Summer is here

The thing I miss most about college is how when summer would arrive you could just feel the collective sigh in the city. Murfreesboro is a college town, and while campus is deserted by its suitcase-toting student body almost immediately following finals, the rest of the town seems to come alive as though it’s just broken free from a stifling shroud of fraternity and sorority douchebaggery and can finally be itself again.

That came out meaner than I meant it. I like MTSU students. I like them more than most college students, I guess, because I was one for six years. And they’re a pretty eclectic bunch—you have to be if you’re the largest student body of any public institution in the state. It just happens by default.

But there is a freedom in Murfreesboro summers, and while I love my job, it’s in the summers more than any other time that I find myself wishing I could spend more time in my town, with its goofy people and growing borders. I’ve worked in Nashville for almost five years now, and I feel like I’m losing touch with an old friend. One that I rarely see because despite sleeping on its couch, I get up early and come home late and never take the time anymore to just see how it’s been.

I should do that sometime.

May 22 | My birthday celebration at Toot’s

Saturday night we celebrated my birthday with about 10 people at the new Toot’s on South Church Street. It was awesome, except for the part where Ian got sick and walked home.

Toot’s is so great and they took really good care of us—and hooked me up big-time. I am pretty sure they’ll be seeing a lot more of us. Probably not that drunk, though.

Oh, and my friend Brianne, who is the craftiest person I have ever met, made me a freaking MUSTACHE necklace. Just wait til you see it.

May 21 | Fuck you, Metro

On Wednesday, the speed limit on I-24 West at MM60 was changed from 70mph to 60mph. On Friday, I was pulled over right at the speed limit change and given a ticket. No warning, nothing, regardless of the fact that I haven’t had a ticket in 12 years. I was going 75mph and was confused as to why I was being pulled over at first.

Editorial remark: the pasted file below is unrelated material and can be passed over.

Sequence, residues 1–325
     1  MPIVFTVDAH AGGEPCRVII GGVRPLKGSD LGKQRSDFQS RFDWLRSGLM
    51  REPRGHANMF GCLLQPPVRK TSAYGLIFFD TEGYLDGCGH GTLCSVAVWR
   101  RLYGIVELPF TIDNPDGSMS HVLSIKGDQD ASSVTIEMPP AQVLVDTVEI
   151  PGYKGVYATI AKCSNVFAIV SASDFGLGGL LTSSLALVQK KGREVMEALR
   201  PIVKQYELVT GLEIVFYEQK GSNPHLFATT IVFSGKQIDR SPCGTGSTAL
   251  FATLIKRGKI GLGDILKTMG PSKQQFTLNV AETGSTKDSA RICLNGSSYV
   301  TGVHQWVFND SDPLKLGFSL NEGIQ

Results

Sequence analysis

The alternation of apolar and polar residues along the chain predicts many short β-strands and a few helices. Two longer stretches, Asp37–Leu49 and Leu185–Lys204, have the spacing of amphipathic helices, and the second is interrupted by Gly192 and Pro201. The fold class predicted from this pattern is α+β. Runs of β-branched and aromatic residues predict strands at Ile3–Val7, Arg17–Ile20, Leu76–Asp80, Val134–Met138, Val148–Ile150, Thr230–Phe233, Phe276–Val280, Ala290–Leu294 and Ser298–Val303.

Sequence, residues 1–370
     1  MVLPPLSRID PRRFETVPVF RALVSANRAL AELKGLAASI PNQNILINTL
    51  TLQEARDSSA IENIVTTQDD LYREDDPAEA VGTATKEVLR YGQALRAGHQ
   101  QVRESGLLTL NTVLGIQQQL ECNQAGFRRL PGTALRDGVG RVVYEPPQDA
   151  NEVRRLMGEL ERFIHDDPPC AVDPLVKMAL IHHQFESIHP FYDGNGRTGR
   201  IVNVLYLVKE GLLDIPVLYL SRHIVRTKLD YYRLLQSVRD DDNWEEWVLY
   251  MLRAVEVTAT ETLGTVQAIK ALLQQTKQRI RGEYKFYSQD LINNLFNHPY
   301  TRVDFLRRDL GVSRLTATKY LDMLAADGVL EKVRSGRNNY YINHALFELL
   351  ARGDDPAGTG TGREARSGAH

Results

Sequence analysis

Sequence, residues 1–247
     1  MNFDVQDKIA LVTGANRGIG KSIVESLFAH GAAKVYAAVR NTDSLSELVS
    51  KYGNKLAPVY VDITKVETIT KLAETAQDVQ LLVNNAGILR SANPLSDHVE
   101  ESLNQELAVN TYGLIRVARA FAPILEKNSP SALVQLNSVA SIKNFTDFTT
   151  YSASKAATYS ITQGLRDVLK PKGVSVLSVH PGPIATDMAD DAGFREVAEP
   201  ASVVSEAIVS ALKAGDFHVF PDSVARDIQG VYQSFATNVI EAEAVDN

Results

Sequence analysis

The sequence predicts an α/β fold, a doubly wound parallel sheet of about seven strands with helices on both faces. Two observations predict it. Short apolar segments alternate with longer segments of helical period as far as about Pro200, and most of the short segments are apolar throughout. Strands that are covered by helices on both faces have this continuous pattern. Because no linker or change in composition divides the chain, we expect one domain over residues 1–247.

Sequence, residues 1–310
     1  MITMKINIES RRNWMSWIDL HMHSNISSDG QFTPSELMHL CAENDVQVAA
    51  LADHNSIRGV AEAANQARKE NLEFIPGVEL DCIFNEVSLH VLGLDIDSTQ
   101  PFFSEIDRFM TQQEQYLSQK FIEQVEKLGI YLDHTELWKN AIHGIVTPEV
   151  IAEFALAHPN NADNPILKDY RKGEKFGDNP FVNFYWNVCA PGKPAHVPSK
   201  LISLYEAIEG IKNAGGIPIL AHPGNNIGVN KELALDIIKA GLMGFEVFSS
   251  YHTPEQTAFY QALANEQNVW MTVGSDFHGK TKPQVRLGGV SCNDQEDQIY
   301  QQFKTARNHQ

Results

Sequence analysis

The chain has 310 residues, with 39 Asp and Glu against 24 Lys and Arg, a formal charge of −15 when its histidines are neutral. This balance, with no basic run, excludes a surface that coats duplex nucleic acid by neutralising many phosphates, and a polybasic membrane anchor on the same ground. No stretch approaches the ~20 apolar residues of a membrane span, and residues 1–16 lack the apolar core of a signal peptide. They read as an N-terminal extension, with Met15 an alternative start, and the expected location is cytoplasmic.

Now, between MM60 and MM56, the speed limit goes from 70 to 60 to 65 to 55. Great job, Metro Nashville. You’re special. I hope you put my $107 to good use, you bunch of assholes.

May 15 | Barenaked Ladies in Louisville

I can’t believe it’s already been almost a week since Holly and I roadtripped it to Louisville and back in a day to see Barenaked Ladies (meeting up w/ her dude Ron, who lives up there and joined us for the show).

The cool thing about social media—in this case blogs and Twitter—is that after a while you get to know enough about a person that when you finally do get to hang out, even if you’re an awkward unsocial butterfly like myself, there is plenty to talk about and a three-hour drive flies by in what seems like 30 minutes. (Also I got to meet Holly’s sweet kitty Dorian, who is not shy at all and has very smooth fur.)

Anyway so we booked it to Louisville, met up with Ron at the Bluegrass Brewing Company where I ate some very tasty roasted red pepper hummus and drank a couple of red ales, headed over to Proof on Main in search of gelato and found it—as well as a pretty trippy art exhibit.

The show was awesome. The Barenaked Ladies were great, as usual, but the crowd in Louisville was so much more animated than the one at The Ryman show. People actually stood up. Like, the whole crowd, not just one or two rows. And we danced and sang along and screamed and laughed and cheered. You know, like you’d expect a crowd to do at a concert. (Side note for any out-of-towners reading: Nashville tends to take its Music City moniker a little too seriously, and crowds at concerts here are notorious for having an “I’m so over it” attitude. It can really blow.)